by Gary J
Tue Jan 16th, 2007 at 05:27:37 AM EST
Today is the 300th anniversary of the passage by the Scottish Parliament of the Act of Union, which was a crucial stage in the construction of a United Kingdom of Great Britain.
The English version of the Act of Union received royal assent on 6 March 1707 and the union came into existence on 1 May 1707.
It is interesting how little fuss is being made about this tercentenary. The union was described at the time as a marriage of convenience and little patriotic enthusiasm has been invested in it.
The BBC has done some opinion polling and concluded that about three quarters of the English and just over half the Scots support the union. These are not overwhelming numbers for the foundation of the UK government.
I do not seem able to produce a hyperlink, but this is the link to the BBC website.
For the modern political situation in Scotland and England see after the fold.
Simon Jenkins in The Guardian has some thoughts on devolution. Something is stirring in the undergrowth of British politics. It ,ay come to nothing, but it may cause big structural changes in the next few years.
Scotland is due to hold its third election to the devolved Parliament this year. The polls indicate that the Labour-Liberal Democrat coalition which has been in power in Edinburgh will lose its majority. Indeed it may be that neither Labour nor the Scottish National Party will be able to form a majority executive without two coalition partners.
On the face of it the three unionist parties - Labour, Conservative and Liberal Democrats are likely to have a majority over the nationalist ones (SNP, Scottish Green Party, Scottish Socialist Party and whichever splinter group Tommy Sheridan is leading now). On the other hand the Scottish Tories are radioactive to the other parties, who are all more centre-left.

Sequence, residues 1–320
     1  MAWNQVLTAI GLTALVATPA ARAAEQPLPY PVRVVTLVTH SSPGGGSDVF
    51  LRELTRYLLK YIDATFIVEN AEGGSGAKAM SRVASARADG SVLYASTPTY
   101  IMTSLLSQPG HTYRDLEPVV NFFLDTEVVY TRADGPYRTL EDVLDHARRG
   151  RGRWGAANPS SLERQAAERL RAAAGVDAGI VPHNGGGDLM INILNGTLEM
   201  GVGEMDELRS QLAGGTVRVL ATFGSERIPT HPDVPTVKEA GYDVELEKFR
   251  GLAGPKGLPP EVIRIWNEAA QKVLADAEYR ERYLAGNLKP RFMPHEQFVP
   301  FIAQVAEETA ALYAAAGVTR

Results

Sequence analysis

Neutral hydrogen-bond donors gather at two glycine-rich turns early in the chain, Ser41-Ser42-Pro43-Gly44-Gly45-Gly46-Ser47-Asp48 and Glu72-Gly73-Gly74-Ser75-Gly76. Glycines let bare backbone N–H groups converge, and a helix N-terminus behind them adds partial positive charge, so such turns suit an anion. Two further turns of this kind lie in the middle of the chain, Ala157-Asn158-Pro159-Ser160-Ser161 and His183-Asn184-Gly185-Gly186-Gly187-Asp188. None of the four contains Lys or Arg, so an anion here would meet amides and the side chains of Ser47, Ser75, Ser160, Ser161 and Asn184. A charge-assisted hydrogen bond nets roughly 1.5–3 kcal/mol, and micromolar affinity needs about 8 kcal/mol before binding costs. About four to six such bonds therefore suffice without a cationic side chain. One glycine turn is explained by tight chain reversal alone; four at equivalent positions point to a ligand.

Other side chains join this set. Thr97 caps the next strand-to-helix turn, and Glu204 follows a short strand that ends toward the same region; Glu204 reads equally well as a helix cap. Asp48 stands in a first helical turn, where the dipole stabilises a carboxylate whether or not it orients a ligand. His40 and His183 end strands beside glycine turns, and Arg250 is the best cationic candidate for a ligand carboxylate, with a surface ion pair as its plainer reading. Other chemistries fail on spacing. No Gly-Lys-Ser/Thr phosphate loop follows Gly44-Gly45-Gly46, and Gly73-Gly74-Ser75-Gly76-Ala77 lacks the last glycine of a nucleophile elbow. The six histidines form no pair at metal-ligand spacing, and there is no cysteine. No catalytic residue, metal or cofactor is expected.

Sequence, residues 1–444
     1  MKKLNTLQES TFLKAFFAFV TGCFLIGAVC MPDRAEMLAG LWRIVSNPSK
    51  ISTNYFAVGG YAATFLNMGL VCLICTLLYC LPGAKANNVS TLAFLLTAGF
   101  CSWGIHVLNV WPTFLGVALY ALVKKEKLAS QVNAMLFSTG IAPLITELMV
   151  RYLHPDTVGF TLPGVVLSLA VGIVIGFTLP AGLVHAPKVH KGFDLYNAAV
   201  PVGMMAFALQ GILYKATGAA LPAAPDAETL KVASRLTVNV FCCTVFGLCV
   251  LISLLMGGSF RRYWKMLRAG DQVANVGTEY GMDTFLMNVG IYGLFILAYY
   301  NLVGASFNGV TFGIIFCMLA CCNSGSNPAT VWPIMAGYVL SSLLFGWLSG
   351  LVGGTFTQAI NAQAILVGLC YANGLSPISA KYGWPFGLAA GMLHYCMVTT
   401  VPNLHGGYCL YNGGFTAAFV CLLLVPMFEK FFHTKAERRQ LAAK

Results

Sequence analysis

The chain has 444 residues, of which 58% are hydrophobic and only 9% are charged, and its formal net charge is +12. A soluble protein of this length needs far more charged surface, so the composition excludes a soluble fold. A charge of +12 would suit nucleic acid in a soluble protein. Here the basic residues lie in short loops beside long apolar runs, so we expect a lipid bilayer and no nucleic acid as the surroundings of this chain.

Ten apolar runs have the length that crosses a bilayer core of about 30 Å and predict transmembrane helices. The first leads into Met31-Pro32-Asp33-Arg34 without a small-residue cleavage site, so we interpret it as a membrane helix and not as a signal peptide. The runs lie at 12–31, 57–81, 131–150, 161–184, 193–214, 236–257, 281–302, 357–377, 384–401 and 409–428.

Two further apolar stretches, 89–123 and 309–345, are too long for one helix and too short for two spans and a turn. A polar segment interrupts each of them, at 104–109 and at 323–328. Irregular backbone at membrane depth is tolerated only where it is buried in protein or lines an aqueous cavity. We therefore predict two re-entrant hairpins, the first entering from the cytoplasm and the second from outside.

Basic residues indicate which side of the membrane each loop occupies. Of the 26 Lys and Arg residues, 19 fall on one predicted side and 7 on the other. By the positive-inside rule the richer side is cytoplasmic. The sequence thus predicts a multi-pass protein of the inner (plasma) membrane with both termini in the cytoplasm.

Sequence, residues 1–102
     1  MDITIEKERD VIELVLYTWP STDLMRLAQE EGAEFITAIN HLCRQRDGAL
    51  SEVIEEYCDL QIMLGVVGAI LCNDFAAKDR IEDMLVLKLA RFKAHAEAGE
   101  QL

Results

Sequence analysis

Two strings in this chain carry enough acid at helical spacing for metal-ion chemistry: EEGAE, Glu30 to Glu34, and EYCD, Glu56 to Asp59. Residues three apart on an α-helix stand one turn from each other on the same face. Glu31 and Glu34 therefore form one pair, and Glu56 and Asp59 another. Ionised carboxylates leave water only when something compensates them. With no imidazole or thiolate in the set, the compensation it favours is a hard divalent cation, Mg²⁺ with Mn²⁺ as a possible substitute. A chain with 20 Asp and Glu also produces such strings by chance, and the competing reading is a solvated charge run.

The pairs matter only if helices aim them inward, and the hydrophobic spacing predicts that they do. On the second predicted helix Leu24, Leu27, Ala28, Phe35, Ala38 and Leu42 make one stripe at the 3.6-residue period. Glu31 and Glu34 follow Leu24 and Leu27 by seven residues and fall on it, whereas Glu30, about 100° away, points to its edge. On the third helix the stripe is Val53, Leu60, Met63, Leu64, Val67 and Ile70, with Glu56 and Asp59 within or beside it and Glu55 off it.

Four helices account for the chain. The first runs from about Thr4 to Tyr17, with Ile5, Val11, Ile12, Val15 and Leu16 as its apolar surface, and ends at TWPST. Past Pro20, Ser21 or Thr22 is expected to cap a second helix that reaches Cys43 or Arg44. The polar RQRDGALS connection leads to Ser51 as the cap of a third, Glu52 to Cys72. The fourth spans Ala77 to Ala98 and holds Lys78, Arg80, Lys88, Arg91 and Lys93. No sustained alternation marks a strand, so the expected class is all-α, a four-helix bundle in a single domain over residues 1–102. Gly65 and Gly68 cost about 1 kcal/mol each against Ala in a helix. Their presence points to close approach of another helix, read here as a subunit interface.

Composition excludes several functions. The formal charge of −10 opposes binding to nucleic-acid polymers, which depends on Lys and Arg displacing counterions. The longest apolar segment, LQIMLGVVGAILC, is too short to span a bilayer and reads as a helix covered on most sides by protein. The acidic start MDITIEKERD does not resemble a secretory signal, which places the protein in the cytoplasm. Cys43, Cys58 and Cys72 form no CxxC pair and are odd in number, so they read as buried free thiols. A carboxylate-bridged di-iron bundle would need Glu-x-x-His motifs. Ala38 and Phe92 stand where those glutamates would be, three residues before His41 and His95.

The unionist/nationalist divide is not as bitter or as absolute as in Northern Ireland, so a SNP-Liberal Democrat-Green coalition may be possible if agreement on policy can be reached. The SNP insistence upon a referendum about independence may be an insurmountable obstacle. On the other hand there may be something to be said for getting the issue out of the way, as the BBC poll only shows 35% support for independence.
Meanwhile in England support for a devolved English Parliament seems to be growing. The Westminster politicians are not keen on this option. They would lose all the issues their electors really care about education, health and criminal justice (if the English Parliament had the same powers as the Scottish one). The UK Parliament would be left with foreign affairs, defence and raising the taxes to pay for the schemes of the devolved institutions.
I think the fear is that an English First Minister would be an over mighty subject who would sooner or later do to the UK Prime Minister what Russian President Yeltsin did to Soviet President Gorbachev.
I have produced an exciting interactive poll about how long the union will last. What do you think?